It isn't the poor who need to get religion at all. It is not charity they need. Red nose day is like buying a starving man a trouser press, hoping that pleated trousers will get him a job, whilst failing to realise he's dying of starvation. It is completely missing the point. The Priests and the Preachers need to reboot their thinking. At some point in the last century, Hellfire and Brimstone went out of fashion. These days it doesn't even seem to be a prerequiste that you believe in God to be a Priest in some quarters. The sad truth is that both old school priests and new style priests have failed the poor. Not because they haven't worked hard with their missions etc. They have failed because they've been preaching the wrong message, brimstone or not. It is not the poor who should be on the receiving end of the message. It is the rich, those with the power and money. Those who exploit those who are not in a position to argue. The sickening thing is that many of the rich and powerful claim to have religious affiliation. But they either have not listened to the message or they don't care. the sad truth about planet earth is that there is enough to go around, but the wealth is not spread in an equitable fashion. In the 19th century the likes of Karl Marx recognised this inequality, but his solution did not really grasp the nettle that humans are by nature greedy. Communism is a splendid idea, but having visited China and the USSR in the heyday of communism, it was clear that the system was hopelessly corrupt and society was just as unequal, if not more so than the UK.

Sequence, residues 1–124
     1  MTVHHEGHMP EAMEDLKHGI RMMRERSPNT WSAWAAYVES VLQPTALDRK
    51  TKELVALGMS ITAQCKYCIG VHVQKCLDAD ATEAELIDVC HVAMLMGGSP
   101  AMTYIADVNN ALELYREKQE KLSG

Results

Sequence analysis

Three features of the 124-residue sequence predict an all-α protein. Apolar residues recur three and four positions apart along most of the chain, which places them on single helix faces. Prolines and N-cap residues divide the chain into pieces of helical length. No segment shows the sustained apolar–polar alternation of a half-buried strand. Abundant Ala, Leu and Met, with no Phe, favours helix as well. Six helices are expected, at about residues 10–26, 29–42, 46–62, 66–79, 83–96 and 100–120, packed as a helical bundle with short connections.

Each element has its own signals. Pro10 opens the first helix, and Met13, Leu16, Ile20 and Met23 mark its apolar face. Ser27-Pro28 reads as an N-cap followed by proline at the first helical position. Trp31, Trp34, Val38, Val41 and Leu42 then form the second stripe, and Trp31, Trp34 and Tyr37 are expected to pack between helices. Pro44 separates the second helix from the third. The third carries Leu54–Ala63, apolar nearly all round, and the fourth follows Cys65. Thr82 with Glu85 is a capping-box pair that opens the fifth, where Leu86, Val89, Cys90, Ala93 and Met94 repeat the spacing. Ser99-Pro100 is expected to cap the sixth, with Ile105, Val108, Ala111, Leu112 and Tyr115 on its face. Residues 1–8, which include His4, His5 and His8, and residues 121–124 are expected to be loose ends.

Reading history tells me that the few times when the lot of the poor has been improved is when the mega rich get a sense of morality and make a few sacrifices to help those lower down the tree. Perhaps the best example of this was when the likes of William Wilberforce lead a moral crusade, steeped in his strong Christian faith, to abolish slavery. This week we saw the leaders of the main faiths in the UK get together to condemn terrorism. Terrorism is a terrible scourge, but poverty and inequality will kill tens of millions this year, far more than terrorists. This inequality is the seed that feeds the anger that breeds the angry young men. The global arms trade fuels the conflicts. The international banking system favours the rich and powerful. Corruption is rife, subverting elections and corrupting the decent. The leaders of all of the faiths know this. But they have positions of privelige in the establishment. Many ordinary people are turned off religion as they see religious people as two faced, telling us what we do wrong, whilst dressing in ermine and living in guilded palaces. Honest, decent and straightforward priests have been failed for centuries by those at the top. In my faith, the Roman Catholic church, a truly scandalous level of paedophile abuse was systematically hushed up. I've never been able to understand how this happened or even why. But the Jimmy Savile case perhaps gives a window into that murky world. You see it is rather convenient for the powerful. Having compromised priests means that they have useful patsies in the pulpit, keeping their flocks quiet and obedient. Do the powerful have any creed other than a lust for power and money? I do wonder. Maybe they have no sense of morality at all? But just suppose they have a sliver of faith and humanity in their soul. Do pliant clergy really serve them? Telling people what they want to hear, rather than the truth is perhaps the greatest evil of all. Maybe the rich and powerful need some wise counsel from the faith leaders. Of course some, maybe many have no faith at all. But some do. You simply don't know if a door will open until you knock on it. Of course, as many of us have seen, there are fundamentalists (in all faiths) who are seemingly hell bent (forgive the pun) on spreading division and sucking up to the powerful vested interests. But by and large, these are marginal figures.